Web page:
Tuesday, February 1, 2011

Query Revision 57

Face-Lift 862: Sins of the Past

Retired teachers are being killed, all from the same school; brutally, systematically. With each murder, the killer gets more brazen. One is attacked with an ax, one cut open and hanged, and a couple are even murdered in their own beds while the police keep watch outside.

Can a killer like this be stopped? And when a mother and her two young children are kidnapped, the stakes are raised even higher.

Detective Harry MacCormick, a ten year veteran with the Harton, Pennsylvania police force, is called to investigate. Upon interviewing some of the former students of the teachers, harry soon discovers that she, along with the principal of the school, has been keeping a dark, terrible secret that could have gotten her and her fellow teachers killed.

SINS OF THE PAST is a suspense/mystery tale of murder and revenge that will keep the reader guessing about the identity of the killer to the end. It is complete at 65,000 words. The full manuscript is available upon request.

Thank you for your time and consideration.

Comments

This version has a much sharper focus than the previous one, which makes it a more compelling reading. It does, I think, need some further refining to help get the reader invested in the case, the detective, and the conclusion.

Retired teachers are being killed, all from the same school; brutally, systematically.

Passive sentences have their place -- generally it's not as the lead sentence in a query or backcover copy. Also, serious punctuation lapses in your first sentence don't inspire confidence. You want the best first impression possible.

With each murder, the killer gets more brazen. One is attacked with an ax, one cut open and hanged, and a couple are even murdered in their own beds while the police keep watch outside.

A tiny logic slip-up: First, you tell us the killer gets more brazen with each kill, then you give us TWO murders that are the same -- where the killer hasn't stepped up his game in one of them.

Can a killer like this be stopped?

Asking a question here interrupts the pace. Your story is a tense, fast-paced murder mystery, no? Let the query reflect that. Don't stop the action for a pensive moment. Keep ratcheting up the excitement.

And when a mother and her two young children are kidnapped, the stakes are raised even higher.

I don't see the tie-in here. Does the kidnapping have something to do with the serial killer? It doesn't seem to fit a pattern. Be clear why you've suddenly dropped this crime into the mix. The two young children makes me think the mother, who we don't learn until the next paragraph is a teacher, is fairly young herself -- and not retired.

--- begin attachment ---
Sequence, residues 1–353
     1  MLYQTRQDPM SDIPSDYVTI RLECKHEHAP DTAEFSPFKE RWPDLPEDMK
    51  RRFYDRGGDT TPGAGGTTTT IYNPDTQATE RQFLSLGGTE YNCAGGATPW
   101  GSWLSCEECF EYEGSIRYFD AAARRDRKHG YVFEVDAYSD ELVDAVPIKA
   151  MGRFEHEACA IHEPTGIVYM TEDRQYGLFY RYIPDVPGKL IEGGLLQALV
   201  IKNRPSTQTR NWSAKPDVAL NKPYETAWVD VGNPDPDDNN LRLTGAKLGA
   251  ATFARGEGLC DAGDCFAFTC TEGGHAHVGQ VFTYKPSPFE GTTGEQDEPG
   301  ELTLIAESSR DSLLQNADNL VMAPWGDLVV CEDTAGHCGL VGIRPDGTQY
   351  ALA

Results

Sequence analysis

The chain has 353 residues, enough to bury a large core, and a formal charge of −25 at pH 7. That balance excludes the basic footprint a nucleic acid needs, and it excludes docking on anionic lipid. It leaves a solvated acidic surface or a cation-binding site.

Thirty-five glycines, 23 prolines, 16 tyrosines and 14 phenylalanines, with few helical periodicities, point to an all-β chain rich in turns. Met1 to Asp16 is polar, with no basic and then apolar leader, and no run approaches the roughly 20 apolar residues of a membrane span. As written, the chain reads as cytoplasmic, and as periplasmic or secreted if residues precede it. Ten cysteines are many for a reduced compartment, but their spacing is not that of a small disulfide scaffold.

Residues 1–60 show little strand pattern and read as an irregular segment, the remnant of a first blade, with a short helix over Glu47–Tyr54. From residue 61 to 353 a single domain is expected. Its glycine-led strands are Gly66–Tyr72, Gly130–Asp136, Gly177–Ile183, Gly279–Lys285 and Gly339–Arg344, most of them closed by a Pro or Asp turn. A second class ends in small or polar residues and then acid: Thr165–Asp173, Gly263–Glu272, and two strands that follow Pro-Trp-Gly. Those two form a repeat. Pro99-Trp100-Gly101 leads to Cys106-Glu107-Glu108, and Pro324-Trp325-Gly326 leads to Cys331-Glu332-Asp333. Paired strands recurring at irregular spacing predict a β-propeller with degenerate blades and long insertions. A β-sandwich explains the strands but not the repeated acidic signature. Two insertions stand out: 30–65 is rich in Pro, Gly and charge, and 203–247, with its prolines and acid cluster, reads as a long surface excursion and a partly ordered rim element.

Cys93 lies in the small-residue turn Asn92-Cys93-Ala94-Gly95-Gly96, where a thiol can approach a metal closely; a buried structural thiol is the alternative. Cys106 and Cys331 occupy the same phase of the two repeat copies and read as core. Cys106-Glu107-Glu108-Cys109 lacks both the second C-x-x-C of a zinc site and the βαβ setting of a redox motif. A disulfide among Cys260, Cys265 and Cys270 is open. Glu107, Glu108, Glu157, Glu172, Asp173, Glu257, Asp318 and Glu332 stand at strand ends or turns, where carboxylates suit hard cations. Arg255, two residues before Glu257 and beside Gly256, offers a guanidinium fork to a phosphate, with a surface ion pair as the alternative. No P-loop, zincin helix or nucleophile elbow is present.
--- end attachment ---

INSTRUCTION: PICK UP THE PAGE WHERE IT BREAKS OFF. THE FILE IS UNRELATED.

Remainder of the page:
I'm also not understanding the stakes. Police are trying to protect potential next victims already, so it's already a "stop him before he kills someone else" scenario. Now, assuming the killer is the one who kidnapped these victims, it's a "stop him before he kills them" scenario still, right?

How do the police know these folk have been kidnapped? Does the killer want something? Does he demand ransom of some sort? Taunt the police to find them before he kills them?

Detective Harry MacCormick, a ten year veteran with the Harton, Pennsylvania police force, is called to investigate.

A bit about the detective as a three-dimensional character here would be good. It doesn't have to be much - maybe half a sentence that separates him from all the interchangeable detectives out there.

Is Harry called in to investigate the kidnapping or the murders? At this point, do the police think there's a connection? The query infers there may be, but doesn't offer any evidence in support.

Upon interviewing some of the former students of the teachers, harry soon discovers that she, along with the principal of the school, has been keeping a dark, terrible secret that could have gotten her and her fellow teachers killed.

What is the antecedent for "she" here? If it's supposed to be the mother, she's far too removed from this reference. Also, using the conditional past "could have gotten her... killed" is confusing because it doesn't necessarily infer that the secret could be of importance today.

SINS OF THE PAST is a suspense/mystery tale of murder and revenge that will keep the reader guessing about the identity of the killer to the end.

I think we need a bit more reason to care who the killer is in order to read to the end. Also, you don't need to say it'll keep the reader guessing because if it doesn't, it isn't a very good mystery.

It is complete at 65,000 words. The full manuscript is available upon request.

"Complete" and "full manuscript" are redundant. These sentences can be combined.

Thank you for your time and consideration.

Shorter sentences are more exciting. To be honest, right now you have yet another murder case and yet another stereotypical detective. What you need is voice to set you apart. As written this query has no voice, and voice is what you need here to get requests, I think.

My Version

Ten long years cleaning up the human garbage in Harton, Pennsylvannia, has left Detective Harry MacCormick beyond jaded. He's seriously thinking about transferring to some quiet, backwater town when teachers start turning up dead. The commonalities: they're retired, taught at the same school, and are being killed brutally and systematically. The first is attacked with an axe, the next cut open and hanged, and the latest -- Harry's own 4th-grade teacher -- murdered in her bed while the cops sitting surveillence outside never hear a thing.

Then another teacher, along with her two young daughters, is kidnapped, and the note left behind points back to the same killer. Now, instead of being left to mop up the mess, Harry has a chance on this case to make a difference before more people die.